We love to remind people that the U.S. Department of Defense (DOD) is the world’s largest bureaucracy, employing more than the world’s largest corporation and centered around the world’s largest office building—the Pentagon. Today Senator Tom Coburn (R-OK) released a new report titled “The Department of Everything” that addresses the question of what the world’s largest bureaucracy does. The answer: A whole lot of stuff that has little if anything to do with national security.
The report found nearly $70 billion worth of DOD programs either not essential to national security or performed somewhere else in the federal government. The programs are divided into five missions: research and development, education, alternative energy, grocery stores and support/supply services. Examples range from math programs that duplicate Department of Education and local school district efforts to research programs on roll-up beef jerky.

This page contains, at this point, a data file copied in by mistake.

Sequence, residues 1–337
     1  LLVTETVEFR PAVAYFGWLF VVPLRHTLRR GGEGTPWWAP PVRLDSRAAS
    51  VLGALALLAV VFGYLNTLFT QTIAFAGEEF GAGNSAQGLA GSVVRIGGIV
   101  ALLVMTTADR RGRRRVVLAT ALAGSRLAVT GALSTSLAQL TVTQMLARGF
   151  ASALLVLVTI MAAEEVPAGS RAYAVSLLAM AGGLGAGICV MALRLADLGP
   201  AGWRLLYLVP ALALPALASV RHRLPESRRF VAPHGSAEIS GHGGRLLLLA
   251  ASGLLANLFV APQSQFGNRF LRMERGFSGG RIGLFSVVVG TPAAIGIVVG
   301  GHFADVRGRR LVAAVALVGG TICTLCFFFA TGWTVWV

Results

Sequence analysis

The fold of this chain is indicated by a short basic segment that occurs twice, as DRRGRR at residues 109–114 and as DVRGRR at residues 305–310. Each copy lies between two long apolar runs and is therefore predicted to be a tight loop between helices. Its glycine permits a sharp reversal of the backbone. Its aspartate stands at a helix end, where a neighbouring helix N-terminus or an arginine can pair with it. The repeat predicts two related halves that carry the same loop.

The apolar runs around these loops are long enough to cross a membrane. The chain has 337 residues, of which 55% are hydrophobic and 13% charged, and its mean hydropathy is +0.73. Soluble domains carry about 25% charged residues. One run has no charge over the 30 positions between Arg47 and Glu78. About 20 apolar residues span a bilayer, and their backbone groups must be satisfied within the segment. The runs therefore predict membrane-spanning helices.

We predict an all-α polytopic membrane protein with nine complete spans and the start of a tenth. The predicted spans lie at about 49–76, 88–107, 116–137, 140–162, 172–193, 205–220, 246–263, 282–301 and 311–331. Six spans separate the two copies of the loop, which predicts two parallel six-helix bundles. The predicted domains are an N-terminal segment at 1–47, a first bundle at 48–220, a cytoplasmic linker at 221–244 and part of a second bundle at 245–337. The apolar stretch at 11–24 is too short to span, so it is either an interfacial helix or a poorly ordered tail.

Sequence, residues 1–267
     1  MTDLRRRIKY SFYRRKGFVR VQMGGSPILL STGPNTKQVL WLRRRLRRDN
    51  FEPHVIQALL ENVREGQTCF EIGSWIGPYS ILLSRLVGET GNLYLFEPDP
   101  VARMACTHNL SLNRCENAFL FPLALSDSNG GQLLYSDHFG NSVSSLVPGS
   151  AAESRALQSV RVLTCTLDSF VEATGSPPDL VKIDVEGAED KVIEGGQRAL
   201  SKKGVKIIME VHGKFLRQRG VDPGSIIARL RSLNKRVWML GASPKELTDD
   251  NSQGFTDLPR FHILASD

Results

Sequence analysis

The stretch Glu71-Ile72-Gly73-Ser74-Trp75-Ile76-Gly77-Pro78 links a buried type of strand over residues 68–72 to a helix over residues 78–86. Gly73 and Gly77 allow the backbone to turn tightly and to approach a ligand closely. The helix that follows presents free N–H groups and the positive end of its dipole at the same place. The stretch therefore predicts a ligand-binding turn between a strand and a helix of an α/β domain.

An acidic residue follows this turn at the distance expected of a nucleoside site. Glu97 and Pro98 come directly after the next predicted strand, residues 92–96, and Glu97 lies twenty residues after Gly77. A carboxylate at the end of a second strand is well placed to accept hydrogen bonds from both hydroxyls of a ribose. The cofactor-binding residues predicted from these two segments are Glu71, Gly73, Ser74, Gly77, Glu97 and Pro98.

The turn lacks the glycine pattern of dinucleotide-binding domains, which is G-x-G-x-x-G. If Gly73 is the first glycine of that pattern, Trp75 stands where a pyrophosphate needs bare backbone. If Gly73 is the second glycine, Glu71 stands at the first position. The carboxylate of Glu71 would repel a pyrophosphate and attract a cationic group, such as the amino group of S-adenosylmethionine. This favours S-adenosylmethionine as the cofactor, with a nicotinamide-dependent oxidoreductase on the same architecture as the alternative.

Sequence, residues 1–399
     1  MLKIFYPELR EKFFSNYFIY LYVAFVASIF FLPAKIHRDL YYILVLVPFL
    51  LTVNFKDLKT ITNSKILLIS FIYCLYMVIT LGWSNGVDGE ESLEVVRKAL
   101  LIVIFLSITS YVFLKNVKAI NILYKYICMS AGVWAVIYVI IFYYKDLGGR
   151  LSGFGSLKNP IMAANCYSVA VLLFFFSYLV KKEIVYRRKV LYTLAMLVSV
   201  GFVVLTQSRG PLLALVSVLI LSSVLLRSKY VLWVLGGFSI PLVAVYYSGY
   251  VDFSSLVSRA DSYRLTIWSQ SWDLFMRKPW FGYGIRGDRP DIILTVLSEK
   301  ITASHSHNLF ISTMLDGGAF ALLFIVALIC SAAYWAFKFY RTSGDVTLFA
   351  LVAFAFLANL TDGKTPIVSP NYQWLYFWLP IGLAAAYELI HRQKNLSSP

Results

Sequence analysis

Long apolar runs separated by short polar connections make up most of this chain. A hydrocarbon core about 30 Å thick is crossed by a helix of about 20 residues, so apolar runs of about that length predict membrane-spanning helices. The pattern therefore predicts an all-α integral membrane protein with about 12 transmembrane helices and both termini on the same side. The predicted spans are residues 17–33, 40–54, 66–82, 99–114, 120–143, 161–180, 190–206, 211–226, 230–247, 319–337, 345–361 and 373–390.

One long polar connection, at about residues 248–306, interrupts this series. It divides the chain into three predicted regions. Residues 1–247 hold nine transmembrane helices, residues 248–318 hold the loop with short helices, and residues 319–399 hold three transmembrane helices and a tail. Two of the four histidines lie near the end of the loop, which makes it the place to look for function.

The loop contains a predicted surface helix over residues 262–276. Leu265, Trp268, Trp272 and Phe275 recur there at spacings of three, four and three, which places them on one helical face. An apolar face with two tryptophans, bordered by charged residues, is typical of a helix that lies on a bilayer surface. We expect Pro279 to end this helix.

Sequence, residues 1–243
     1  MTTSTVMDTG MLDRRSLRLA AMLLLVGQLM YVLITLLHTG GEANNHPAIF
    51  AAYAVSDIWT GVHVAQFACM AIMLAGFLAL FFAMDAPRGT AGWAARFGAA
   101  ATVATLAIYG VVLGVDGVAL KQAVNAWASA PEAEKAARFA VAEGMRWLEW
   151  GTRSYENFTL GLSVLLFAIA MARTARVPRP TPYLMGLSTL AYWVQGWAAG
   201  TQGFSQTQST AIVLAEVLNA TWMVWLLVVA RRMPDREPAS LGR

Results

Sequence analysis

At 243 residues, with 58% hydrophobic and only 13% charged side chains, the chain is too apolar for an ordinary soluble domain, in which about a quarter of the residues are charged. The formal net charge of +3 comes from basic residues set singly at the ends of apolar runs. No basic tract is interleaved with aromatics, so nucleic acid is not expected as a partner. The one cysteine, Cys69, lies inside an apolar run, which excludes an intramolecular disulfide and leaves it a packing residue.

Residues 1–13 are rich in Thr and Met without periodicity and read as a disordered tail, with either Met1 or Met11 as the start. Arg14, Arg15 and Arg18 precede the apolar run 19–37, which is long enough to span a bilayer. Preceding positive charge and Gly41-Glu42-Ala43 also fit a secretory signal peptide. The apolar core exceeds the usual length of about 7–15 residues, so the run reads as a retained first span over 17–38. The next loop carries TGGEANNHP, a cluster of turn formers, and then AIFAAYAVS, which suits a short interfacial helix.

There’s a larger point here. Any budget watcher knows the defense budget has more than doubled since the Sept. 11, 2001 attacks. Aside from the rampant waste, fraud and abuse documented by TCS and many others, a result of this spending explosion was the migration of functions from other parts of government into DOD. Turns out that bureaucracy, like bank robbers, tends to go where the money is. At the policy level, this “mission creep” means important functions such as diplomacy and foreign aid are increasingly being carried out by the military. This can be dangerous for our democracy as well as our economy. So we have many reasons to keep the “department of everything” from growing.